Our workshop's effectiveness, we believe, derives largely from its fidelity to adult learning theory and implementation of effective health care CE strategies. Educational interventions involving active participant involvement lead to "deeper processing of information" and, consequently, improved recollection of factual information . Interactive educational meetings (participation of healthcare providers in workshops that include discussion and/or practice) are generally effective [2, 44]. Passive dissemination of information (e.g., chiefly didactic lecture) is generally ineffective.
The research design used for this study limits inferences that should be drawn from the study's conclusions. This study is a before-after design without controls and is not as strong as a randomized trial. Participants were self-selected, and were possibly more motivated and more likely to benefit from the intervention than the general population of chiropractors.
Our study may also be criticized for reporting on process measures (knowledge gained, quality of presentation), rather than practitioner behavior and clinical outcomes. The long-term goal of continuing education is not merely to impart new knowledge, but rather to change learners' behaviors . However, patient outcomes are difficult to measure and are affected by many other unrelated variables . Measures farther away from the intervention can easily be influenced by un-measurable untoward events compared with the more proximal and easier-to-measure items of competence: knowledge, skills and attitudes. Ideal outcomes would include estimates of a continuum of measures: competence to performance to health care outcomes . Also, our evaluation was short-term, so we cannot assess the durability of the knowledge.
Measurement bias might have occurred, because our test to measure EBHC knowledge had not been previously assessed. However, the impressive improvement between pre- and post-testing scores provides support for the instrument's psychometric qualities. The educational literature recognizes that pre-assessment may lead to a higher post-assessment score due to an item-practice effect . There is a possibility of a test-training effect, because we used an identical posttest; that is, it is possible that participants learned how to take the same test better the second time around, rather than really learning new knowledge. However, participants' scores for the 59-item test were high. It is unlikely that participants inflated their test scores, because they submitted their scores anonymously, and we found no differences between self-reported scoring and instructor scoring.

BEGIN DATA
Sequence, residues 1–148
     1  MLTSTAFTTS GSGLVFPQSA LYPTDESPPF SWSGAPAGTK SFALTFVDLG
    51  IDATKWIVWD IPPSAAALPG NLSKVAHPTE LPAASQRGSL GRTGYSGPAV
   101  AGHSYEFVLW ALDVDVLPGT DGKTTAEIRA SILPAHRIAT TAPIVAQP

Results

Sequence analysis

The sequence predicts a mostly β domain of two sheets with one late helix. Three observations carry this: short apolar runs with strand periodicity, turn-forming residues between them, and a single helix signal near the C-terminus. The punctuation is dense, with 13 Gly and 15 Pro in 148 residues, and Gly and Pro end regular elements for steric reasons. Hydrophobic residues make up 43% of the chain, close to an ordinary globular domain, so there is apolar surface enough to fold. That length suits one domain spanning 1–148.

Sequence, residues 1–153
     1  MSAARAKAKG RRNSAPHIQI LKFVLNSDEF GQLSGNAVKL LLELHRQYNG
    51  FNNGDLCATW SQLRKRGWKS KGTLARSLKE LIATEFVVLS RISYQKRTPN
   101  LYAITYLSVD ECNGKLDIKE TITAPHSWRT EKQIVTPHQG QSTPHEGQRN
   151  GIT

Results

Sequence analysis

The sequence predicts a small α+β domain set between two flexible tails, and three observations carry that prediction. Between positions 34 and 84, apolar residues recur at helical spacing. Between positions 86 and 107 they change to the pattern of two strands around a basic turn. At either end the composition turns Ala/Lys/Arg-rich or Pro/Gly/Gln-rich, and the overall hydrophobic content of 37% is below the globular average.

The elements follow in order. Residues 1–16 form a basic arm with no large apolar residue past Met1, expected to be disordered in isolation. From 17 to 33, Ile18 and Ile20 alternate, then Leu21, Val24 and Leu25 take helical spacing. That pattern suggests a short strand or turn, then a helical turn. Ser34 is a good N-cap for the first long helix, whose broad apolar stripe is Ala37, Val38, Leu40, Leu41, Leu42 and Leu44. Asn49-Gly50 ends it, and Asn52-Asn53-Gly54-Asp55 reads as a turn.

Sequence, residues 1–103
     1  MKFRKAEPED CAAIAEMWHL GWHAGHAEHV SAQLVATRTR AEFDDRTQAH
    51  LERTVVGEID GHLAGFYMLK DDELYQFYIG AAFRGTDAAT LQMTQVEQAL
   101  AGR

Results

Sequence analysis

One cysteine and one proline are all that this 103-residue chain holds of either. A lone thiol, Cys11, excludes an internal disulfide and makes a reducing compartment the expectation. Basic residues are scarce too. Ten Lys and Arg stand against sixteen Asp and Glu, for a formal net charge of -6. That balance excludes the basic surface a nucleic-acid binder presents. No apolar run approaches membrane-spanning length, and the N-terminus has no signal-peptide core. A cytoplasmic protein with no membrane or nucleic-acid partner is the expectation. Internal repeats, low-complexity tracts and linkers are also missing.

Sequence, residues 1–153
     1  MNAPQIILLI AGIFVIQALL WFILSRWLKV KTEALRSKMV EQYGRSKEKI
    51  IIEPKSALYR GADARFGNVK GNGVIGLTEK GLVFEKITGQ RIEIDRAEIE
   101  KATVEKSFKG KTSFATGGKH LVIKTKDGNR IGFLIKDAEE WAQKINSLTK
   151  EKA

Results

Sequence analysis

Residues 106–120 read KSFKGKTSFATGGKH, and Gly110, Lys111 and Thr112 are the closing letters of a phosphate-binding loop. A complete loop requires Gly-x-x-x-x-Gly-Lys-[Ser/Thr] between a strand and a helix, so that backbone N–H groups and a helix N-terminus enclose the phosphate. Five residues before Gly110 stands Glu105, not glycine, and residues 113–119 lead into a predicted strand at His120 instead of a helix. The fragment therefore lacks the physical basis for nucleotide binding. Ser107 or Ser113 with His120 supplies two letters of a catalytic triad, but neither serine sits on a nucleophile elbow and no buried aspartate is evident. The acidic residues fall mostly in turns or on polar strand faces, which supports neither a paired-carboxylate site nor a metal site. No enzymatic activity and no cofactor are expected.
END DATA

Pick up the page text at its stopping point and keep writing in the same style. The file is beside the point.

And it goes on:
Future studies should incorporate more rigorous design, including validation of outcome measures, larger sample size, use of a control group, and follow-up. Ideally, upcoming studies should measure the effect of the intervention on patient outcomes, preferably in randomized controlled trials. It is difficult to predict the generalisability of our findings; it is unknown whether other instructors with different content and context would achieve similar improvements [47, 48]. Despite these limitations, our evaluation demonstrated a positive impact on the participants' EBHC knowledge and a high perception of the workshop presentation's quality.